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Because You Liked Chemistry, We Recommend These Classes

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Because You Liked Chemistry, We Recommend These Classes


The same kind of technology that recommends movies on Netflix or purchases on Amazon is now helping students choose college courses. A new program developed on a campus in Tennessee uses predictive analytics to suggest classes. And now the technology is spreading across the country. It's seen as a way to make higher education more efficient.

Blake Farmer, of member station WPLN, reports.


BLAKE FARMER, BYLINE: It's the lunch hour at Nashville State Community College. Students snack on chips as they cram for finals. But many may be wasting their time. On average, graduates take nearly a year's worth of classes they could have done without, or they drop courses before making a bad grade. For Jonathan Hudspeth, it was anatomy and physiology.

JONATHAN HUDSPETH: It just wasn't for me. Like, it was the terminology was too big. You had to remember how to spell it. And it just wasn't my area of what I wanted to do.

FARMER: Perhaps it would have been best to navigate around the class altogether. That's what a program, aptly named Degree Compass, is designed to do. Tyler Milton is studying nutrition at Austin Peay State University in Clarksville, Tennessee. She logs on to see a list of courses. Some have five stars beside them, others have one or two.

TYLER MILTON: And if I'm stuck between choosing between intro to philosophy and intro to ethics, I can come here and see that intro to philosophy would probably be a better option for me.

FARMER: It sounds like straightforward advice but the outcomes have turned heads - from the White House to Bill Gates, whose foundation pitched in startup funding.

BILL GATES: The early results at Austin Peay have been promising. Students do half a letter grade better in classes suggested by Degree Compass than in classes they pick the old-fashioned way.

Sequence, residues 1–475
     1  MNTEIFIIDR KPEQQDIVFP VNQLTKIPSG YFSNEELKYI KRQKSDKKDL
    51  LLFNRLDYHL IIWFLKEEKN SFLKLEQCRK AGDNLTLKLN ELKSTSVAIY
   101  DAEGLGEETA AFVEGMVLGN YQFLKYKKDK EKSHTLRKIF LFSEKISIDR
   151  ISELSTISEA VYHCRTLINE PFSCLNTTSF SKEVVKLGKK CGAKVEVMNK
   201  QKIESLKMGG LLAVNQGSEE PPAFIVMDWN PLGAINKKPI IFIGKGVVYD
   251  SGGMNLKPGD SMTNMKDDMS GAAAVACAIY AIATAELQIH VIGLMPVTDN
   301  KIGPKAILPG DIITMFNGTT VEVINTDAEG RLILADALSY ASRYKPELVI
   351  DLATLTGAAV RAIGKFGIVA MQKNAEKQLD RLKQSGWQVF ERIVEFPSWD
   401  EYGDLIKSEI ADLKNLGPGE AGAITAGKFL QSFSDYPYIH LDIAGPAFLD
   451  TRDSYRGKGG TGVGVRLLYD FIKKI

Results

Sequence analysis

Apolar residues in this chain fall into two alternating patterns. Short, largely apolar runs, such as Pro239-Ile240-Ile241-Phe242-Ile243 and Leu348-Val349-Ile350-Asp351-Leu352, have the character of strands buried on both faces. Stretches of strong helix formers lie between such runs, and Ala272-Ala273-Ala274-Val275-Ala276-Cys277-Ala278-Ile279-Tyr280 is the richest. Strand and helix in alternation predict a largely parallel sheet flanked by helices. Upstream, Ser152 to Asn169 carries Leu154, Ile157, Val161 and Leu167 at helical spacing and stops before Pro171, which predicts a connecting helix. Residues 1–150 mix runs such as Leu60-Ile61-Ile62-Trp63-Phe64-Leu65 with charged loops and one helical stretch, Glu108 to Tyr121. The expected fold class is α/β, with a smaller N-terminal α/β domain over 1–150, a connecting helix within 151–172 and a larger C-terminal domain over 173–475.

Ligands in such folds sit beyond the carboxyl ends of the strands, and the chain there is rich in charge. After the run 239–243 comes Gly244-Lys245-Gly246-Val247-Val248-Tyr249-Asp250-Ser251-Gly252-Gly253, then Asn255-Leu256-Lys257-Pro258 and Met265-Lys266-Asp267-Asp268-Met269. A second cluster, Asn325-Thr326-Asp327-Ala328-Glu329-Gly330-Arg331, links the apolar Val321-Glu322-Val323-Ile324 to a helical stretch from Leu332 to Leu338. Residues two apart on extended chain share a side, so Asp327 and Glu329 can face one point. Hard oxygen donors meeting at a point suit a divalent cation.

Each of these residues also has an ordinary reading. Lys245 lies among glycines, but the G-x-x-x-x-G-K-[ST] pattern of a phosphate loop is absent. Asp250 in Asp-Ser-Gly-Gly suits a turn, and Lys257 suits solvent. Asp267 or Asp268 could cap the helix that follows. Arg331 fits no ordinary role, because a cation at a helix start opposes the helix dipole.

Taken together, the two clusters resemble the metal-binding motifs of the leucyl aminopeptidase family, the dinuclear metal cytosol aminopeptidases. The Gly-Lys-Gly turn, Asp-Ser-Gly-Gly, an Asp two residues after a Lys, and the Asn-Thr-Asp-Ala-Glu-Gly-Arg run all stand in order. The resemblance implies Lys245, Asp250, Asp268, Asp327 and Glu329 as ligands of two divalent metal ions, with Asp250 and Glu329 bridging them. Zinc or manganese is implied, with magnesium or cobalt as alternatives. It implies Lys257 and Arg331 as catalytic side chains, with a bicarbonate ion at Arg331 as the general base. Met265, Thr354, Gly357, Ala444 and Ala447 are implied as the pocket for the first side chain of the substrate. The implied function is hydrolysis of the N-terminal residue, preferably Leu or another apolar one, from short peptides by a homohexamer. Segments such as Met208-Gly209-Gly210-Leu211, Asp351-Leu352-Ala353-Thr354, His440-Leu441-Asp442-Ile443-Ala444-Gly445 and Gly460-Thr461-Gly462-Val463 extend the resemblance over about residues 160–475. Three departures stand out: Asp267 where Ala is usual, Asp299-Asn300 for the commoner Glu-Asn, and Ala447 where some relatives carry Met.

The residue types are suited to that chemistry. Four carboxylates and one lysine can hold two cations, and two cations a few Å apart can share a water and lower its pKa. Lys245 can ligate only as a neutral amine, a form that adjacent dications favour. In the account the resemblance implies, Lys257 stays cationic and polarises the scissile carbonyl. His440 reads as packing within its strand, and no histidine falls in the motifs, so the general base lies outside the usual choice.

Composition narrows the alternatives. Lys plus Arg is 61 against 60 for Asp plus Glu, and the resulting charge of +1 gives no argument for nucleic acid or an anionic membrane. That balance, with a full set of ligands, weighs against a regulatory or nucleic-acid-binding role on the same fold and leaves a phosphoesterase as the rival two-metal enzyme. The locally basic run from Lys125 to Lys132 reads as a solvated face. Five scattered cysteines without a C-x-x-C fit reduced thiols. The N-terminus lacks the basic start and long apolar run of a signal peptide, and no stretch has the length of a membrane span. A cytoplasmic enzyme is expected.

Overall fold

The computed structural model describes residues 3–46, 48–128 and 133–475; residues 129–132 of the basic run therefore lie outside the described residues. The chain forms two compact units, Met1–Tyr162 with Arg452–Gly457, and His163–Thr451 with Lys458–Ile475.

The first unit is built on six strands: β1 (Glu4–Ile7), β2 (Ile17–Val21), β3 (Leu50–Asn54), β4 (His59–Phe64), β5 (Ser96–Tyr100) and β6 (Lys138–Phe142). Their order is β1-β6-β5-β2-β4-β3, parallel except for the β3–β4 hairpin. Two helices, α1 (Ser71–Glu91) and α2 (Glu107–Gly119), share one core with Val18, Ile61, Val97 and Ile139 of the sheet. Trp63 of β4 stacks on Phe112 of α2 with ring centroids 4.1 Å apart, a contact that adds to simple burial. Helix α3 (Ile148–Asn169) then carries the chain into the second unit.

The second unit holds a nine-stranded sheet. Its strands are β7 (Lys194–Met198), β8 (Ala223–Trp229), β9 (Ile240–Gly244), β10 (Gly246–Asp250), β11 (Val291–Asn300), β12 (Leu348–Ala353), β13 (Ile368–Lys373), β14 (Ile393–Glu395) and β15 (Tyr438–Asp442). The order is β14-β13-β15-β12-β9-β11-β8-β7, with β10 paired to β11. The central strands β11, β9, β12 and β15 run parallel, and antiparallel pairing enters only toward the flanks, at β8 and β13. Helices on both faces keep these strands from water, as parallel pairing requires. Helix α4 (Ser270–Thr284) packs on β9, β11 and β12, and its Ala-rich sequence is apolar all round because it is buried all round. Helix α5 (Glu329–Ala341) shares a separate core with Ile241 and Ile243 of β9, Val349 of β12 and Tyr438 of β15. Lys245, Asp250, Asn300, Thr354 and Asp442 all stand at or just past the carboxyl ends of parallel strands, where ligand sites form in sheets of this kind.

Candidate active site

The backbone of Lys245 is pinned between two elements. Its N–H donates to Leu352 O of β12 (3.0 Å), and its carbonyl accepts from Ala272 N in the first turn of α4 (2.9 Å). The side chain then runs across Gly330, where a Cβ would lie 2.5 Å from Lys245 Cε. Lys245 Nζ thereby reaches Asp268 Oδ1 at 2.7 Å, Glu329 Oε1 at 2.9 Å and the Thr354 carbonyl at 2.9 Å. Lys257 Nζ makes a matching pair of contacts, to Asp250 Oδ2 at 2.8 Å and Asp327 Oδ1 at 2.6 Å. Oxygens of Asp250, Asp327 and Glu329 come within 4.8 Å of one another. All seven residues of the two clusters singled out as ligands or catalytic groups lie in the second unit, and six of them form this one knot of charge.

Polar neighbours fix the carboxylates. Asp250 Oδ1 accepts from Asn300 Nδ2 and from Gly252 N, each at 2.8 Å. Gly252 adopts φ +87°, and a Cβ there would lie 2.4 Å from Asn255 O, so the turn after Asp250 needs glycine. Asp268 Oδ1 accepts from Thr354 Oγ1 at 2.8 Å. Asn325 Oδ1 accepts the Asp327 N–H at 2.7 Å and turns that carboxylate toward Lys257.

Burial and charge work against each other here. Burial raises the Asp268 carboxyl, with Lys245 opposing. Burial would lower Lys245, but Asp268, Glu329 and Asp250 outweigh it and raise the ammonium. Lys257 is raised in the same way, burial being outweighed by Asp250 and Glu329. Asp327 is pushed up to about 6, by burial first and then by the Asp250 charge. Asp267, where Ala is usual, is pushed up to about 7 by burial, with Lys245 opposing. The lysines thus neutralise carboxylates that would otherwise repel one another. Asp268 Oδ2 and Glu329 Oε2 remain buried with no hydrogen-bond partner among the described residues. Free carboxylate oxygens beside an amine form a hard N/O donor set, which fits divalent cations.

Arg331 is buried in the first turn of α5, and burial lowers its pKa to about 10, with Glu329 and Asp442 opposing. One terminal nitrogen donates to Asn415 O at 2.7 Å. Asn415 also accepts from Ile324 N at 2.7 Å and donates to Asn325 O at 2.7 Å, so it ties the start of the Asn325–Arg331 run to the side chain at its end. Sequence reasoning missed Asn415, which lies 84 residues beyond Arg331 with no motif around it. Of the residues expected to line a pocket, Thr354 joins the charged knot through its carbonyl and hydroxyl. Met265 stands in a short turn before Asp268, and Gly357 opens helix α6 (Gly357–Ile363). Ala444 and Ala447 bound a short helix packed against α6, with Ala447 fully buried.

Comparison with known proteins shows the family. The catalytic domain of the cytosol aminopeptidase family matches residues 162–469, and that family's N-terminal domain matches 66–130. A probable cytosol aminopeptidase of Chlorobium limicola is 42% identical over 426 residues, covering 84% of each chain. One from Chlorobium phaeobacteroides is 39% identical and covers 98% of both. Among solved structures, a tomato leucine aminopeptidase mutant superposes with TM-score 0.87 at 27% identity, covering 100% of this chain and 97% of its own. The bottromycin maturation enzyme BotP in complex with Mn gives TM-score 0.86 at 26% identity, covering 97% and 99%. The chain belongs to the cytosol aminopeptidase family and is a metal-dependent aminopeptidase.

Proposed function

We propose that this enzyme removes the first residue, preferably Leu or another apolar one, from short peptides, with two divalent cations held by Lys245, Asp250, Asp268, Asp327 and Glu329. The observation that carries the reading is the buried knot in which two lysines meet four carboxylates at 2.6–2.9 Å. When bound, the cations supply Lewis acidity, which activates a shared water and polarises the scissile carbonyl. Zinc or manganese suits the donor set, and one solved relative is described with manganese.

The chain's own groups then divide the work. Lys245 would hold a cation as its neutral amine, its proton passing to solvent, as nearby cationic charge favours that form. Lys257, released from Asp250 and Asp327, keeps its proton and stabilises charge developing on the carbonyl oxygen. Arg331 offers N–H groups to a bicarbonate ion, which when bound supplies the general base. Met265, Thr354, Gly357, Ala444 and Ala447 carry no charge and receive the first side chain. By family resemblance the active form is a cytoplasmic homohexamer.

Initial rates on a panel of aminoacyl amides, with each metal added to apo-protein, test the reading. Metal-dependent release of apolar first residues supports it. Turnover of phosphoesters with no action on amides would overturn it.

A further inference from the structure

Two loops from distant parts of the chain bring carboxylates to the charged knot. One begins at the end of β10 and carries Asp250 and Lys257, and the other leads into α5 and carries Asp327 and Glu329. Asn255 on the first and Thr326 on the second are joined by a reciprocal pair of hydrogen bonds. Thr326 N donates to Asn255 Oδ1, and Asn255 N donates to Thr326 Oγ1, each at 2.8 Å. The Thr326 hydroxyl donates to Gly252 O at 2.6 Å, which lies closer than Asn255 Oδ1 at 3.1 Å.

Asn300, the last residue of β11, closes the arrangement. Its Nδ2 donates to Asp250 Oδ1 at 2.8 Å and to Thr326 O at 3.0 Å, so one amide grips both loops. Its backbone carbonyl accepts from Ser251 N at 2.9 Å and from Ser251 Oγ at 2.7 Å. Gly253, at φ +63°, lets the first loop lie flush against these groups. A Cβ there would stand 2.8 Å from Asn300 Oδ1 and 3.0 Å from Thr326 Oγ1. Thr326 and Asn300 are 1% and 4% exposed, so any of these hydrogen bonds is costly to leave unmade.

FARMER: And perhaps more importantly, minority and low-income students - who tend to have a harder time finishing a degree - experience an even bigger boost. But how does it know what classes will be a better fit? Mathematician Tristan Denley, an executive with the Tennessee Board of Regents, explains his invention.

TRISTAN DENLEY: So what it does is it takes all of the grades for all of the students who have been at that institution before for the last, let's say, half a dozen years, and then takes your academic grades and then combines those to be able to make estimates for how you would do if you would take each of these classes. And then the thing is the predictions are pretty accurate.

FARMER: Yes, with this program, you can basically see what grade you'll make in advance. Now hold up, some people have told Denley, college isn't about finding the easiest path. It's about broadening your horizons and challenging yourself. Denley says, sure, for some.

DENLEY: But there is a real sense in which academic curiosity is a luxury that lots of people simply cannot afford.

KIYA JORDAN: I ended up taking basically, when it was all said and done, a whole year of classes that wasn't needed.

FARMER: Kiya Jordan went back to school for an associate's degree in health care coding. She says if her scholarship runs out early, she won't be able to pay her own way to finish.

JORDAN: It's frustrating. It's disappointing.

FARMER: It's a headache for institutions, too, who are increasingly scrutinized for their graduation rates. A Canadian data company called Desire2Learn, which already works with dozens of universities around the globe, has licensed Degree Compass for its profit potential. CEO John Baker won't say exactly how much he's charging colleges but he says the program could end up paying for itself.

JOHN BAKER: We know as more students complete and attain the results that they're looking for, the universities see more revenue coming into the university. And what we're trying to do with this technology is make it affordable.

FARMER: And like that, picking college courses becomes the latest choice where computers seem to know us better than we know ourselves. For NPR News, I'm Blake Farmer in Nashville.

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